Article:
Palgrave Macmillan 2020. 124,94 € / 85,59 € (eBook)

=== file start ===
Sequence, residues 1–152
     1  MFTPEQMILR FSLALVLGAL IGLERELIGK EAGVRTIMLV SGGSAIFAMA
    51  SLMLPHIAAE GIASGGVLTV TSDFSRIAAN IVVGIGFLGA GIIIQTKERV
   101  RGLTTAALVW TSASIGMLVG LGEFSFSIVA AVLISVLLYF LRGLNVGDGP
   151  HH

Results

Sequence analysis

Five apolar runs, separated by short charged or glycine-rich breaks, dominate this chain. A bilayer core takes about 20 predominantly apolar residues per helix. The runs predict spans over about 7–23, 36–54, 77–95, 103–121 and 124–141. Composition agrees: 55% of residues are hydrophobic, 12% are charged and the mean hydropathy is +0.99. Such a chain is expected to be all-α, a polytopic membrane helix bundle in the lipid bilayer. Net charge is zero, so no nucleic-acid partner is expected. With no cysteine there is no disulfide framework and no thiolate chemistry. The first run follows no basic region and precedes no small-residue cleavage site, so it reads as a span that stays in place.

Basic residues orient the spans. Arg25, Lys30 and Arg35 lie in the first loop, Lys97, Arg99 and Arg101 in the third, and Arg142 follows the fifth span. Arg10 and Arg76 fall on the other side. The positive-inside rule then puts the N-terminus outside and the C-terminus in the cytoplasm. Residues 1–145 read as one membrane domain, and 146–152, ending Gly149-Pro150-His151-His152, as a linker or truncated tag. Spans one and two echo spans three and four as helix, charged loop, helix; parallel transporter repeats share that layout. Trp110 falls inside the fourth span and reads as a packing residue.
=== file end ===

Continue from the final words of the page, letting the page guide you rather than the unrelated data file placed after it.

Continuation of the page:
This collection of essays explores the remarkable range and cultural significance of the engagement with ‘infancy’ during the Romantic period. Taking its point of departure in the commonplace claim that the Romantics invented childhood, the book traces that engagement across national boundaries, in the visual arts, in works of educational theory and natural philosophy, and in both fiction and non-fiction written for children. Essays authored by scholars from a range of national and disciplinary backgrounds reveal how Romantic-period representations of and for children constitute sites of complex discursive interaction, where ostensibly unrelated areas of enquiry are brought together through common tropes and topoi associated with infancy. Broadly new-historicist in approach, but drawing also on influential theoretical descriptions of genre, discipline, mediation, cultural exchange, and comparative methodologies, the collection also seeks to rethink the idea of a clear-cut dichotomy between Enlightenment and Romantic conceptions of infancy.